Urban Permaculture and Bees

Phil Moore
Thursday, 23rd October 2014

Phil Moore visits Offshoots project set in an urban landscape where bee conservation is mixed with community schemes, wildlife, permaculture and organic growing.

What was once a forgotten Victorian walled kitchen garden is now an accessible public permaculture project. Set within Towneley Hall, Burnley's largest park, Offshoots holds a unique space in the 180 hectares of landscaped parkland.

The once wildlife thicket in a green desert of golf ranges and bowling greens was turned into a community based project rooted in the ethics and principles of permaculture.

Central to Offshoots' current vision are their bees. We visited before the second year of their 'give bees a chance' festival and Phil Dewhurst (who atteneded the PDC in 1997 that designed the site) told us about their bee conservation programme. The building of a laboratory with instrumental insemination kits and microscopes was recently completed for their work in conserving the British black honeybee (Apis melifera melifera).

Once thought lost from these isles, the native honeybees have evolved characteristics that make them more suitable to the UK climate. Their black epithet derives from their hairy bodies, evolved as a response to keeping warmer during our cooler weather. The bees also have a shorter breeding season suited to our so called summers.

As Burnley sits in a shallow valley surrounded by high moorland, Offshoots intend to set up a meta population of disease free genetically identifiable stock (that is, free from interbreeding with the European, and more common honeybees).

As an associate member of the bee farmers association, Offshoots hope to become full members when they hit the required minimum of managing 40 colonies this year. 

Pollination and permaculture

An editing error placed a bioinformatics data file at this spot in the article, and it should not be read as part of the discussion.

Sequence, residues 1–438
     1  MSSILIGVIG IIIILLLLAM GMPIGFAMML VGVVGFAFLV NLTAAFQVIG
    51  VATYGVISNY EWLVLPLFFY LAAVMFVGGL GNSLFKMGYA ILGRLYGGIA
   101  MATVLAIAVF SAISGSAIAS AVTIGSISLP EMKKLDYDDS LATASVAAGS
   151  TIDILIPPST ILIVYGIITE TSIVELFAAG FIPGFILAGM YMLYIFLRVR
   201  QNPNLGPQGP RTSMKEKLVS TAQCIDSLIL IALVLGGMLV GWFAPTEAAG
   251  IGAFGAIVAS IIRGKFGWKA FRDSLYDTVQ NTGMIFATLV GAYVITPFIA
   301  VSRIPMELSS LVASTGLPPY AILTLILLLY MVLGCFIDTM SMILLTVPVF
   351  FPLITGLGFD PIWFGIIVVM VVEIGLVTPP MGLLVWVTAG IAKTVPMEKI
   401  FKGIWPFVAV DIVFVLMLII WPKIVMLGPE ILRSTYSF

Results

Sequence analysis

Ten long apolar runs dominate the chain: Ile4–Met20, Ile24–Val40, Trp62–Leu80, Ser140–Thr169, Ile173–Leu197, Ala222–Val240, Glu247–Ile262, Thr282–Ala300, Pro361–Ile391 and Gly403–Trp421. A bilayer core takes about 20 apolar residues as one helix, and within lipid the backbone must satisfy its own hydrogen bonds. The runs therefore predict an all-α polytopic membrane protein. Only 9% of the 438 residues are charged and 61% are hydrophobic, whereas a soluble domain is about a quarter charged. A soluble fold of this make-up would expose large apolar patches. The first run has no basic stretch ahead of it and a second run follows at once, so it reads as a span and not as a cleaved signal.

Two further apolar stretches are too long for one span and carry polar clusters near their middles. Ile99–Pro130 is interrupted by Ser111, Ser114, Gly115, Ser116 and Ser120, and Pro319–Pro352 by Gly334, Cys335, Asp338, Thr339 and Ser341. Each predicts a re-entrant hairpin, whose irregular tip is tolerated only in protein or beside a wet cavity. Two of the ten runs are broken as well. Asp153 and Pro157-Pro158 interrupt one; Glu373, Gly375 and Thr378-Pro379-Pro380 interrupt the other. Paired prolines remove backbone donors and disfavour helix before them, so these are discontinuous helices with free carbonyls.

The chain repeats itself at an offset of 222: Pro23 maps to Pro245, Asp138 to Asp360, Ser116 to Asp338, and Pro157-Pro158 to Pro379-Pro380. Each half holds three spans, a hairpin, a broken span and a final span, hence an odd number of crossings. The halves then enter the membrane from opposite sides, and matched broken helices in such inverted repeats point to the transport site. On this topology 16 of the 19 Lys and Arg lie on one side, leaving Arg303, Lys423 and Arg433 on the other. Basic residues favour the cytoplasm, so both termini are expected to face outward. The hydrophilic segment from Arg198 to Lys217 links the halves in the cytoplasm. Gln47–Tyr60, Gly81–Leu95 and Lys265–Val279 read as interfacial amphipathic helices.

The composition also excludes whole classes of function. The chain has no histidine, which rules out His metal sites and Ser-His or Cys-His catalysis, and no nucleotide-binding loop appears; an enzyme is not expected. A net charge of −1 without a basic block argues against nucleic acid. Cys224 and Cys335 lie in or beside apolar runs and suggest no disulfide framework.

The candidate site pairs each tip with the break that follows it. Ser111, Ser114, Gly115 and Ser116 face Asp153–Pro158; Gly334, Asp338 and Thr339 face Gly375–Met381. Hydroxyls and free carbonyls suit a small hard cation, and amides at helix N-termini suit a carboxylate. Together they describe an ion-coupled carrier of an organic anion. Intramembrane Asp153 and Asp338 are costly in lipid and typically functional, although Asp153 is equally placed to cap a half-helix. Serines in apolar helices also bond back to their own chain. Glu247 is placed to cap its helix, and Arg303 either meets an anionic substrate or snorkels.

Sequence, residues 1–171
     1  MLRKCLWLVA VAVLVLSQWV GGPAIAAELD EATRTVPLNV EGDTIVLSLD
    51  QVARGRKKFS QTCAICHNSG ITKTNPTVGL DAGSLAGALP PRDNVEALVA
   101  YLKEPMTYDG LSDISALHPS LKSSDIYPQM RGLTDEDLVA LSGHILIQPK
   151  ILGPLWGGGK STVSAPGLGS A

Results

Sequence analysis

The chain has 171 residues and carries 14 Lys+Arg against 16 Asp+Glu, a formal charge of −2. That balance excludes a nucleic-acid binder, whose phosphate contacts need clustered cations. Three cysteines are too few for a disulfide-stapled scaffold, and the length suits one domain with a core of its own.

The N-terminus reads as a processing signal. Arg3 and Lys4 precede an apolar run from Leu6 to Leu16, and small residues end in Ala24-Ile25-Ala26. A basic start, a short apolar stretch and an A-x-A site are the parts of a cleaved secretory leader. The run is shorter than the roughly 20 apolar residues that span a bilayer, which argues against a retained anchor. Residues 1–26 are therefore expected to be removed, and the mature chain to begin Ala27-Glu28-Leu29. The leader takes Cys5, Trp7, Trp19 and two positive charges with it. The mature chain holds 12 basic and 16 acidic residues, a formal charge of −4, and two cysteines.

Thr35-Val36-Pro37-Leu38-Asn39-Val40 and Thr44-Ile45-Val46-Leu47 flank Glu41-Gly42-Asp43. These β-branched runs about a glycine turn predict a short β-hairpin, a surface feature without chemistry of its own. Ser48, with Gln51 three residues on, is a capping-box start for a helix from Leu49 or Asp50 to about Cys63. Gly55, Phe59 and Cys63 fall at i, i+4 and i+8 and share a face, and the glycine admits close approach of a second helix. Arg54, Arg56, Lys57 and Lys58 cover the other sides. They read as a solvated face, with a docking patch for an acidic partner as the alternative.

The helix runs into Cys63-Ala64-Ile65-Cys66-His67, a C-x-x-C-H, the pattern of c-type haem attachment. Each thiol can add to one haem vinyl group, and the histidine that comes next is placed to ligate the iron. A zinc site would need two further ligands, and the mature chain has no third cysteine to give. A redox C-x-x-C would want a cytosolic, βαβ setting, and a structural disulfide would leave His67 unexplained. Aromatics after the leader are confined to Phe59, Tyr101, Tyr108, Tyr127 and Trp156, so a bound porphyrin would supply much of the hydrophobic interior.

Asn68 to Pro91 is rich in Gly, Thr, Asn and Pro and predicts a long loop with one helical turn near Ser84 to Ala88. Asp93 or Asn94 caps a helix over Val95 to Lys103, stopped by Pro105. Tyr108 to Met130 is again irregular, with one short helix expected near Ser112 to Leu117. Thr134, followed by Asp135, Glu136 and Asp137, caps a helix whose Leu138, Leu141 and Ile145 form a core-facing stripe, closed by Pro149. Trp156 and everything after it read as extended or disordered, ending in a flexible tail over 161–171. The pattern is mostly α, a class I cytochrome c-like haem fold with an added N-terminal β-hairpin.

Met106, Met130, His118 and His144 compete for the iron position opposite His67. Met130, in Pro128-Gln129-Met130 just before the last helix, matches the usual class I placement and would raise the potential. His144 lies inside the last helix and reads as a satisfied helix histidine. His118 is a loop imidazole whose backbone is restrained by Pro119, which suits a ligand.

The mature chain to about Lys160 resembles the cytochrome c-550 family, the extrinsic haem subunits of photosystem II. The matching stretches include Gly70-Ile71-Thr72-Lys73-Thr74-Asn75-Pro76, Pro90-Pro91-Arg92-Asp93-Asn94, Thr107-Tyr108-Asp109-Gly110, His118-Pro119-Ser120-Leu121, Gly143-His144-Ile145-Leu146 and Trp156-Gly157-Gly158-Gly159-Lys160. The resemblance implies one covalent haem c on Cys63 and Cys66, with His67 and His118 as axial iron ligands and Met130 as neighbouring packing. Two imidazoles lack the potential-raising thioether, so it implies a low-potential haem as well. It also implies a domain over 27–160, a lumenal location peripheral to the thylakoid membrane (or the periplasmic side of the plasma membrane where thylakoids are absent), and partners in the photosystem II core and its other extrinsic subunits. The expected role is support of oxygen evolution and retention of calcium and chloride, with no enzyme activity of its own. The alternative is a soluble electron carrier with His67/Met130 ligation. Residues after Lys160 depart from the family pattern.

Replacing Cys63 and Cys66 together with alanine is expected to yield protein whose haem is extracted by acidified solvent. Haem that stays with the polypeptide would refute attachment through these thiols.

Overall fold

Offshoots seek to share ideas as well as model sustainable sources of income. "We're not business people but we want to prove that permaculture can work and generate livelihoods and wash its own face," says Phil Dewhurst. Their involvement with bees being one of the many ways they set to do this.

On roughly an acre of land, the site layout, more or less true to the original design plan from the foundational PDC in 1997, has stacked its functions to full effect.

Walking the small yet busy site with Lisa, project officer, plant expert, local lass and friend to the bee, we began a tour of the place in the entrance way replete with kitchen herbs - the "scratch and sniff" area as Lisa calls it. Clear signage and tangible demonstrations make for an accessible invitation to the public to explore permaculture.

As we were introduced to a bee favourite plant, Poached Egg (Limnanthes douglasii), and new to us, a pair of local visitors passed by asking the name for globe artichokes and how to prepare them. Continuing on Lisa showed us the extent of the Offshoots project which has education at its core. Natural buildings; polytunnels; a mini forest garden; the lean-to, a sort of walled glass greenhouse which, in Lisa words is the “garden office”; an area for blacksmithing courses; the straw bale compost loo; the woodworking room and a small-scale rotational organic crop production.